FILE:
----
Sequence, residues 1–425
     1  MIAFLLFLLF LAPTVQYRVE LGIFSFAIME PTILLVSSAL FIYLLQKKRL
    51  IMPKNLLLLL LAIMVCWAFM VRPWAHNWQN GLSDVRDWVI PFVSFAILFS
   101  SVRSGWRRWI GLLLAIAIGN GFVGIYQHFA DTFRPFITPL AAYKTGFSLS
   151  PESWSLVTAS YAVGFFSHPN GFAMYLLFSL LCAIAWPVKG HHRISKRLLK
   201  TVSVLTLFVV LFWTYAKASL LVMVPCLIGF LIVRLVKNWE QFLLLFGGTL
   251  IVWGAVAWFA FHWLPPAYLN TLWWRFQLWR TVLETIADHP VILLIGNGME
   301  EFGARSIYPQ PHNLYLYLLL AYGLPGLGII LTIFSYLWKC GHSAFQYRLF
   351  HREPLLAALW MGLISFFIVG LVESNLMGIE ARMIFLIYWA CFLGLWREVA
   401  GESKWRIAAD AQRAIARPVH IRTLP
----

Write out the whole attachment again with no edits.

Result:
Sequence, residues 1–425
     1  MIAFLLFLLF LAPTVQYRVE LGIFSFAIME PTILLVSSAL FIYLLQKKRL
    51  IMPKNLLLLL LAIMVCWAFM VRPWAHNWQN GLSDVRDWVI PFVSFAILFS
   101  SVRSGWRRWI GLLLAIAIGN GFVGIYQHFA DTFRPFITPL AAYKTGFSLS
   151  PESWSLVTAS YAVGFFSHPN GFAMYLLFSL LCAIAWPVKG HHRISKRLLK
   201  TVSVLTLFVV LFWTYAKASL LVMVPCLIGF LIVRLVKNWE QFLLLFGGTL
   251  IVWGAVAWFA FHWLPPAYLN TLWWRFQLWR TVLETIADHP VILLIGNGME
   301  EFGARSIYPQ PHNLYLYLLL AYGLPGLGII LTIFSYLWKC GHSAFQYRLF
   351  HREPLLAALW MGLISFFIVG LVESNLMGIE ARMIFLIYWA CFLGLWREVA
   401  GESKWRIAAD AQRAIARPVH IRTLP